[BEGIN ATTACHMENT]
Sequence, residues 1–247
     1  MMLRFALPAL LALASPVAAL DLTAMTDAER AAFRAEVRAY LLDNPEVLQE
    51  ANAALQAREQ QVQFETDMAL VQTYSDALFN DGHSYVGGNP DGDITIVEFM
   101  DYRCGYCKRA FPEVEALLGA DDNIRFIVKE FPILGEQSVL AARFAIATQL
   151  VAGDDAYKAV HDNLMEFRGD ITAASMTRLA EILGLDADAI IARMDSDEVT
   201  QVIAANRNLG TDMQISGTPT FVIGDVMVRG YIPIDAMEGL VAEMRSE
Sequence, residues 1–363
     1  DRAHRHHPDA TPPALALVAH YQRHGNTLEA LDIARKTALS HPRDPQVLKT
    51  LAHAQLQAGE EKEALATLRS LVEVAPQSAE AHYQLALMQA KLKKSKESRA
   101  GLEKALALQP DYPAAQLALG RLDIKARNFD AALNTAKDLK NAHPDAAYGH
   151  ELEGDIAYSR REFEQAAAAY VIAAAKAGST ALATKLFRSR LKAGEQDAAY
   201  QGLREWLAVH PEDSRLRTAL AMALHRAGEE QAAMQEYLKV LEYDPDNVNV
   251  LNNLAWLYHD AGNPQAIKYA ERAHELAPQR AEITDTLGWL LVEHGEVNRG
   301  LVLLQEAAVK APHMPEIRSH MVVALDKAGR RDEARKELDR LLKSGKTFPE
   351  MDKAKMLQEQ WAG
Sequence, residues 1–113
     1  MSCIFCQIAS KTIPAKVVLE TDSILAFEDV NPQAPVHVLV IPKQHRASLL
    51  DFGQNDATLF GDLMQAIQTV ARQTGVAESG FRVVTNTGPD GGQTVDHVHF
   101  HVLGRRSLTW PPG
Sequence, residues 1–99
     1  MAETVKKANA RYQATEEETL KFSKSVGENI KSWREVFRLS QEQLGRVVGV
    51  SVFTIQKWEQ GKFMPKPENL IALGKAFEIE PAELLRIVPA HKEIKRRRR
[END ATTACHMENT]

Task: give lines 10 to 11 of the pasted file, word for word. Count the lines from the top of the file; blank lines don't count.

   101  GLEKALALQP DYPAAQLALG RLDIKARNFD AALNTAKDLK NAHPDAAYGH
   151  ELEGDIAYSR REFEQAAAAY VIAAAKAGST ALATKLFRSR LKAGEQDAAY